Animals In Print
The On-Line Newsletter
From 20 June 2001 Issue:
"The Horror Moan"
Use of Horses in Scientific Research
Horses are not used in scientific research in the same way as many other species, such as rats, who are housed in laboratories by the millions and used in the testing of new pharmaceutical drugs and other treatments for human disease. Rather, horses serve the pharmaceutical industry by supplying one of the ingredients used in making an estrogen replacement drug called Premarin for post-menopausal women. That ingredient is derived from the high concentration of estrogen contained in the urine of pregnant mares. -* "hence the name PREgnant MARes, urINe"
Mares used for urine collection are often kept in confined conditions that have been severely criticized by animal protection groups. The urine is collected from artificially inseminated mares during six of the 11 months of their pregnancy, from October to March.
Throughout this time period, the mares are kept in intensive confinement in tiny stalls with metal bars on three sides at PMU (Pregnant Mare Urine) farms. The mares are tethered to the front of stalls measuring just 3-1/2 to 5 feet wide and 85 feet long. During the time that they are producing the most estrogen, they are unable to take more than a step or two in any direction, turn around or even lie down comfortably. When the mares become old, infertile or crippled, they are auctioned off for slaughter.
The vast majority of PMU farms are located in Canada. Approximately 80,000 pregnant mares are confined on PMU farms, and their foals, a by-product of the urine collection process, are often sold for slaughter, and the flesh is exported for human consumption in Europe and Japan.
The World Society for the Protection of Animals (WSPA) found that the conditions on these farms do not meet the basic standard for humane care of horses.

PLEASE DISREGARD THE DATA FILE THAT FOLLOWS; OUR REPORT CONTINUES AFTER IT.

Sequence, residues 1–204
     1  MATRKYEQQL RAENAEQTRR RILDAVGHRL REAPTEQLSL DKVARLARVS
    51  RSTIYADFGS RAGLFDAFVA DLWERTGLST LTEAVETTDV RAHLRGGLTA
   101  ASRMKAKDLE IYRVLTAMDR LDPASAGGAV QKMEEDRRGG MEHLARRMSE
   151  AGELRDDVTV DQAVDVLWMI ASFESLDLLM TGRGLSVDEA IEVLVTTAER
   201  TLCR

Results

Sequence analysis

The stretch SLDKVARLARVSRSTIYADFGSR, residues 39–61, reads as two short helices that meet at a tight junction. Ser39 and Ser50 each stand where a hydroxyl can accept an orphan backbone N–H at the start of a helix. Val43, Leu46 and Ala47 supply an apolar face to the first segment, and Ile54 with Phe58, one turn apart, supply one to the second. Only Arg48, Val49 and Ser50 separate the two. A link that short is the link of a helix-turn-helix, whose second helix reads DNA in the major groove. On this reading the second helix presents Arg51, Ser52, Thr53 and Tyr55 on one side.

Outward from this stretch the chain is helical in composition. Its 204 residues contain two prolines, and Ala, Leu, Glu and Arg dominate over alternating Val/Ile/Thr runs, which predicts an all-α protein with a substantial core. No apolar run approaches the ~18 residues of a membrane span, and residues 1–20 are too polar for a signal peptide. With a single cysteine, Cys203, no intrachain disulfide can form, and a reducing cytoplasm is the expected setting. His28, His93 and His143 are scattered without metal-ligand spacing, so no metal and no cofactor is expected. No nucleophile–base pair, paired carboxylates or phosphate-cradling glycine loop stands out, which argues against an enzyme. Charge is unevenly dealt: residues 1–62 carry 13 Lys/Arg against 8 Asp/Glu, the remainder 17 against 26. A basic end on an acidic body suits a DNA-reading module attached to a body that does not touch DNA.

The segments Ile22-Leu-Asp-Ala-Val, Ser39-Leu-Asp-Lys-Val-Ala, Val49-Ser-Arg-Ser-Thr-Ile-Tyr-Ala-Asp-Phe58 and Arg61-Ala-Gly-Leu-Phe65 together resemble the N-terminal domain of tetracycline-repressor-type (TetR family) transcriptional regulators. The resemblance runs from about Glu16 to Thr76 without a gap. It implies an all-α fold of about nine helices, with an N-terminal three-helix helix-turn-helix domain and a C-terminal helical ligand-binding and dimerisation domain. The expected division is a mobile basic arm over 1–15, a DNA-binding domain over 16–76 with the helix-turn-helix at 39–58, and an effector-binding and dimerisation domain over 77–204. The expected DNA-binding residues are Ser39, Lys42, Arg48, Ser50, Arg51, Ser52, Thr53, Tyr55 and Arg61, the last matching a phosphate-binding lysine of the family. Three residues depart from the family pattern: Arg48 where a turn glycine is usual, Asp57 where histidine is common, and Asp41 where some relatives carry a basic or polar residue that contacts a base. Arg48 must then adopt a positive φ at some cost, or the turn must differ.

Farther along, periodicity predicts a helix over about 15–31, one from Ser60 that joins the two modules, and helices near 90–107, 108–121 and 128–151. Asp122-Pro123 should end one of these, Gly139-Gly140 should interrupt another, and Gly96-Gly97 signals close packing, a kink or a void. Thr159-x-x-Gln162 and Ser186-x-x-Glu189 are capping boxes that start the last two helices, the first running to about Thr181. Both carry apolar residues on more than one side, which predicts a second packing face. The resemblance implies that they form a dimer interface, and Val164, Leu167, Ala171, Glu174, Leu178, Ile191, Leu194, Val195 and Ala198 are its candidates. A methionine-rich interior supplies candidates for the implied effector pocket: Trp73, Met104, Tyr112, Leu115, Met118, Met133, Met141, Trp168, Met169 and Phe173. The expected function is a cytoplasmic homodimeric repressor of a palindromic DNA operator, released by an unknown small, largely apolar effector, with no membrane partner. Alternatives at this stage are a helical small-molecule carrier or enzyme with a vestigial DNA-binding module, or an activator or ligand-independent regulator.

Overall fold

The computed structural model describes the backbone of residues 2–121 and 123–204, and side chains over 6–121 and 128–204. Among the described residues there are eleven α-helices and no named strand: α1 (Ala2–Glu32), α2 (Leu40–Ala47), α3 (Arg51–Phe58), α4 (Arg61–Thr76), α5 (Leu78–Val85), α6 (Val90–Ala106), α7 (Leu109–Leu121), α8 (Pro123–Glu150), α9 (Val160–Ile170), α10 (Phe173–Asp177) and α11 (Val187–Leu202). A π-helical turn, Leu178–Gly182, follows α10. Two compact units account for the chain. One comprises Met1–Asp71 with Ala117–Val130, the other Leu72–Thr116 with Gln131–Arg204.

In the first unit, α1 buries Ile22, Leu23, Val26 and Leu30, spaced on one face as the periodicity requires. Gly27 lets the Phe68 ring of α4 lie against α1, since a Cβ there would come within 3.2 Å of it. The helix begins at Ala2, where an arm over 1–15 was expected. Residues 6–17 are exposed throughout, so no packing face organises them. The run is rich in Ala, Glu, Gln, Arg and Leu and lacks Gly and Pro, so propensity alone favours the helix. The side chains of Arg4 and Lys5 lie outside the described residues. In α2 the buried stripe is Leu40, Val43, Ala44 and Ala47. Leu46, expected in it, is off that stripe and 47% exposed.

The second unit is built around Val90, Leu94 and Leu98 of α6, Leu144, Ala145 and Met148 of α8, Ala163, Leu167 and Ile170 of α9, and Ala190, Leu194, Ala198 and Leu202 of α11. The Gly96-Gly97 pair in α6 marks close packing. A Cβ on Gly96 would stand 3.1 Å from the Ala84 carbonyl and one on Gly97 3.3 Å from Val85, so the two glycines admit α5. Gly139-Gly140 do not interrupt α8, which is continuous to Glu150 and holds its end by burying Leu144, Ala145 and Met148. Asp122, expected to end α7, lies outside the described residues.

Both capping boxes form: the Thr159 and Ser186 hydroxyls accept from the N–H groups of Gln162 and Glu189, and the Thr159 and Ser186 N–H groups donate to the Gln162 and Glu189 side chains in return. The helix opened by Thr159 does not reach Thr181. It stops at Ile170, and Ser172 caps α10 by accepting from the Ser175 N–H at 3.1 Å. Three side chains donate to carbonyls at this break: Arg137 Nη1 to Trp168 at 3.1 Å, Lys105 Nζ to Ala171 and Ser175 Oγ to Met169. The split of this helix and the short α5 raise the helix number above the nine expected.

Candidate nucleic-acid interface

The WSPA has documented a number of concerns, including:
Even while mares are suffering terribly, the value of Premarin-and estrogen replacement therapy (ERT) in general-in preventing heart disease and osteoporosis in women remains uncertain. The drug has also come under attack for its possible role in increasing the risk of breast cancer.
Nonanimal alternatives are available for women who are considering estrogen replacement therapy to alleviate the symptoms of menopause. These include synthetic and vegetable-based derivatives (which contain no animal products whatsoever).
One such replacement, drug which has proved highly successful, is Cenestrin a synthetic Premarin. Also Estrace and Ogen are quite effective in relieving the symptoms of menopause.
It is important that woman take control of their own bodies and talk to their doctors about these alternatives to Premarin, a true "Horror Moan."
*Quote: Susan Wagner Horses abused to make menopausal drug for woman NAVS Animal Action report, Spring 2000
Source: Navs http://www.navs.org/index.cfm?Doc=37,50,18,36,0&CFID=454310&CFTOKEN=35002677
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